14. The method of claim 13, further comprising receiving, via a touch-screen display of the jukebox device, touch-based input from a user after the multitasking operating system has been returned to the specified state.
15. The method of claim 13, further comprising storing in the system operating status file data relating to the insertion of money.
16. The method of claim 13, further comprising storing in the system operating status file data relating to a song selection being added to a queue of the jukebox device.
17. The method of claim 13, further comprising storing in the system operating status file data relating to an end to a song selection.
18. The method of claim 13, further comprising updating data in the system operating status file in response to: (a) credits being added to the jukebox device, (b) a song being added to a queue for playback via the jukebox device, and (c) a song ending.
19. The method of claim 13, wherein the file is updated in real-time.
20. The method of claim 19, wherein the specified state corresponds to a state of the jukebox device immediately prior to the fault.
CROSS-REFERENCE TO RELATED APPLICATIONS
 This application is a continuation of application Ser. No. 11/698,060 filed Jan. 26, 2007, which is a continuation of application Ser. No. 08/817,689 filed Jun. 13, 1997, which is a National Phase of PCT/FR95/01333 filed Oct. 12, 1995, which claims foreign priority to French Application No. 95/08391 filed Jul. 11, 1995, and PCT/FR94/01185 filed Oct. 12, 1994, the entire contents of each of which are incorporated by reference in this application.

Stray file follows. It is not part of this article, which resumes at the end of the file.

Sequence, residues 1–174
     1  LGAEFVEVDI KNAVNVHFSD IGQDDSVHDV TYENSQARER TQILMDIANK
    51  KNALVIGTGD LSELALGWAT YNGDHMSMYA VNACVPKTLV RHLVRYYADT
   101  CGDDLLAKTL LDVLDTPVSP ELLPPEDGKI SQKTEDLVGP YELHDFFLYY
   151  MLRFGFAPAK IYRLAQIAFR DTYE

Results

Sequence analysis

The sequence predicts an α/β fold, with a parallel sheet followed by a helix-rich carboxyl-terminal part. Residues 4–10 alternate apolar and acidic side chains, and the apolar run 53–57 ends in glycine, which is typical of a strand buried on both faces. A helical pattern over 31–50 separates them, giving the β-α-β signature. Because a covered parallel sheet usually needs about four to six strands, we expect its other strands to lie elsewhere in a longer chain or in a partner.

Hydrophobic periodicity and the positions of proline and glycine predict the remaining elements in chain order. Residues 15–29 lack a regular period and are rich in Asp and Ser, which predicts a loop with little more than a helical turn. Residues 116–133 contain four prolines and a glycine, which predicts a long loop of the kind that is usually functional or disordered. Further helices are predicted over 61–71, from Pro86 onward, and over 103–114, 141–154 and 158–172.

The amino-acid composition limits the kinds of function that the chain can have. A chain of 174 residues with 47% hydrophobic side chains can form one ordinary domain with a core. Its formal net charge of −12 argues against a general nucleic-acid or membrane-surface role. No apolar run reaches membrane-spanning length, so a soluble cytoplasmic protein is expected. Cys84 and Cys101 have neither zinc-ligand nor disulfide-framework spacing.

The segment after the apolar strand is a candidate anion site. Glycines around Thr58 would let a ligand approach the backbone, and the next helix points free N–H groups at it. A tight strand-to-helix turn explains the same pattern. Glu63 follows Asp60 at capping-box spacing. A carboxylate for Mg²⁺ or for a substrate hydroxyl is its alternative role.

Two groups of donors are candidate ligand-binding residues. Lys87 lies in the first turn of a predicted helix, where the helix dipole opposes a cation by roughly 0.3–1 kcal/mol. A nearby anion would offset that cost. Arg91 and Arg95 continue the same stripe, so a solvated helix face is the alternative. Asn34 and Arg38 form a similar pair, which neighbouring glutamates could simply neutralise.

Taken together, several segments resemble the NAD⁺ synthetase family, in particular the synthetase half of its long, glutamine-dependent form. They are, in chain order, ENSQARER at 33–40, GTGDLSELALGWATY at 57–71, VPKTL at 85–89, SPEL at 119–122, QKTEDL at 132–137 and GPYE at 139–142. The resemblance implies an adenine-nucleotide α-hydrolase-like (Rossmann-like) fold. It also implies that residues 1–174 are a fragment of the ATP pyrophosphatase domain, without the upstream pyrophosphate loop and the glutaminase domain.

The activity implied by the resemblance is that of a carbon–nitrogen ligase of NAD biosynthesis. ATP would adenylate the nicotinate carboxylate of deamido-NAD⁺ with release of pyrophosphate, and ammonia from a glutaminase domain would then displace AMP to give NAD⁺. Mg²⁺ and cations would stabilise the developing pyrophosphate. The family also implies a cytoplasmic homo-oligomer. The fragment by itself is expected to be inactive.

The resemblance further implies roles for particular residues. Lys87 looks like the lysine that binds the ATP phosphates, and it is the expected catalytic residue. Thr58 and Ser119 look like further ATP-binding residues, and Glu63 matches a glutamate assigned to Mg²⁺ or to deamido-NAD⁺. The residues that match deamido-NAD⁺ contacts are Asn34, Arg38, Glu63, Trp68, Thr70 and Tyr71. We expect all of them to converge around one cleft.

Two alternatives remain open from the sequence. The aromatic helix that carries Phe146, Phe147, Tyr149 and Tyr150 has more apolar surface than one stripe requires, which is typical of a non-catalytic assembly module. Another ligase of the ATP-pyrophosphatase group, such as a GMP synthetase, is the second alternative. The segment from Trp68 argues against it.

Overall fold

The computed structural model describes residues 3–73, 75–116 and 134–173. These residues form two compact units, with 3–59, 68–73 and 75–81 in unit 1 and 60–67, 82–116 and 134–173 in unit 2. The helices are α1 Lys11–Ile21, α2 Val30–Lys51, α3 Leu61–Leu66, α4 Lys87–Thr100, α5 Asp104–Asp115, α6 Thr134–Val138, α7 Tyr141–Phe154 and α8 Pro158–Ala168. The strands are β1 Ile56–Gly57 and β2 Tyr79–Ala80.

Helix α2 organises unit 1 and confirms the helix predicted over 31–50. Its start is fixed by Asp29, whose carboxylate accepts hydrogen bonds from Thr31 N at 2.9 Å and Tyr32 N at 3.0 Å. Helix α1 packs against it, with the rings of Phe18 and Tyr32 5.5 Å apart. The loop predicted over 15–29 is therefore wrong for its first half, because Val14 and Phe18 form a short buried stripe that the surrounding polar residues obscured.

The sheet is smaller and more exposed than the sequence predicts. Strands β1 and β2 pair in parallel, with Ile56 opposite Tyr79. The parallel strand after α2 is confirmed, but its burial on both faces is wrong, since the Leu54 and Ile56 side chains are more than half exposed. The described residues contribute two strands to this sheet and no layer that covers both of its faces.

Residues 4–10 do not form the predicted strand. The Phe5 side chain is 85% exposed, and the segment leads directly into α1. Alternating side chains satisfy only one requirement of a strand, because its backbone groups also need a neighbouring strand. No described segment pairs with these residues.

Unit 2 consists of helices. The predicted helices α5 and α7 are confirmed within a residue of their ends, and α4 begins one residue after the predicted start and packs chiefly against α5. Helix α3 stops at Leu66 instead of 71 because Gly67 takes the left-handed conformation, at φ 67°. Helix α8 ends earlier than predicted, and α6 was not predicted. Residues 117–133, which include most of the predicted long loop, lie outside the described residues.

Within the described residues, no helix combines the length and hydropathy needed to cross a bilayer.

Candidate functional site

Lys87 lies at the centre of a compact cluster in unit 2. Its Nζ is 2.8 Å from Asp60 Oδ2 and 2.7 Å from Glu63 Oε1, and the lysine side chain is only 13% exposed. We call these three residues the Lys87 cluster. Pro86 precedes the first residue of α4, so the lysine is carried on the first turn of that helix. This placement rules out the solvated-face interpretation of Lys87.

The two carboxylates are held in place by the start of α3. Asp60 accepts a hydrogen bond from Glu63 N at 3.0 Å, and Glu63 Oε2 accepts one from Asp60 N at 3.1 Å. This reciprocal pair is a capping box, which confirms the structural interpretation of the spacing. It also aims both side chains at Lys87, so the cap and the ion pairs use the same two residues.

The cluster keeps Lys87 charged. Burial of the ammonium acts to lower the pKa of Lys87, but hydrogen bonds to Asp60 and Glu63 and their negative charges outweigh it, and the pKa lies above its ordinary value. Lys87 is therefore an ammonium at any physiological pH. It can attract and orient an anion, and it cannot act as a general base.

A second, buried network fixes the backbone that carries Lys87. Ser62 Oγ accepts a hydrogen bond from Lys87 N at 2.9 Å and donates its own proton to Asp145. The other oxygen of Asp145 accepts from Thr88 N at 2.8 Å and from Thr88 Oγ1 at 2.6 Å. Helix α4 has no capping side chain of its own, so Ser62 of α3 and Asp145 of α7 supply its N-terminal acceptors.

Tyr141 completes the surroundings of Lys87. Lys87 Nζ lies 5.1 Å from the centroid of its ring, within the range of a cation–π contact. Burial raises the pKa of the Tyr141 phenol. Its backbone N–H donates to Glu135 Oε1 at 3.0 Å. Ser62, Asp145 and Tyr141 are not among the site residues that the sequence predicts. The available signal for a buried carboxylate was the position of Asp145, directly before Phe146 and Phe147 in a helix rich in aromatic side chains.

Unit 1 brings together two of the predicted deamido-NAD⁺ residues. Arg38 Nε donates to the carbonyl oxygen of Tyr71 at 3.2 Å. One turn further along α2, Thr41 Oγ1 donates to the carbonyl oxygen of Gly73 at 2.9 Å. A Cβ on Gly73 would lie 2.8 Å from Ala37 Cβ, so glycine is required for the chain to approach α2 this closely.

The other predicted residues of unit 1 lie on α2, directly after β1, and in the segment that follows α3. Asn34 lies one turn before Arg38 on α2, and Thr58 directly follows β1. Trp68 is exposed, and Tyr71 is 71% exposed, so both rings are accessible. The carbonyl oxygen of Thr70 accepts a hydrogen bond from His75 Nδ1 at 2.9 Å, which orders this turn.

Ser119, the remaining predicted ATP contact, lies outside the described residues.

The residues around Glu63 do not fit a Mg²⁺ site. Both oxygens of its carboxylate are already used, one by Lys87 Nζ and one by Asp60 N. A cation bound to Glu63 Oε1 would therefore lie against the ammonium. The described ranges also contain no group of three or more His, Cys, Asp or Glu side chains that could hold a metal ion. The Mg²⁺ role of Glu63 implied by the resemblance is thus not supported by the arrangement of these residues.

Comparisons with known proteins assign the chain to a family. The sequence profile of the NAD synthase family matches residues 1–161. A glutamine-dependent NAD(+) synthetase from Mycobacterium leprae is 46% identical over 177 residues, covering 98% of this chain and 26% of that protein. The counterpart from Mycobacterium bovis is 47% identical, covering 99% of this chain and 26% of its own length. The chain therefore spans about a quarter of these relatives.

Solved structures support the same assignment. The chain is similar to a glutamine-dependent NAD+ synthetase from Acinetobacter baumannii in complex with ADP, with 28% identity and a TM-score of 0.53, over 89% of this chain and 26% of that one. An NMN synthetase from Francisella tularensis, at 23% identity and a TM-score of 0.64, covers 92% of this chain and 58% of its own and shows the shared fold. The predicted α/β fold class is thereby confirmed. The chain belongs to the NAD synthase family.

The invention relates to a payment-triggered audiovisual reproduction system.
 These audiovisual reproduction systems are generally found in cafes or pubs. This type of system is composed of a sound reproduction machine usually called a jukebox linked to a monitor which displays video images or video clips. To do this the jukebox is equipped with a compact video disk player and a compact video disk library and includes selection buttons which locate the titles of pieces of music which are available. Payment of a proper fee followed by one or more selections authorizes activation of the system with automatic loading in the player of the disk on which the selected piece is found, the desired audiovisual reproduction then being able to start.
 These systems, although allowing faithful and good quality reproduction, nevertheless have major defects. Thus, a first defect relates to the space necessary for storing the library; this consequently entails that the system will have large dimensions and will be bulky. Likewise these systems which call on mostly mechanical material using sophisticated techniques have high fault rates; this is another defect. Finally, it is very unusual for all the pieces on a disk to be regularly heard; some are almost never played, but still cannot be eliminated. Besides this defect, the following problem is caused by the companies, which manage and distribute these systems, placing in the circuit a limited number of identical disks and imposing a certain rotation on their customers; this sometimes entails an unpleasant wait for the customers when a disk is not available.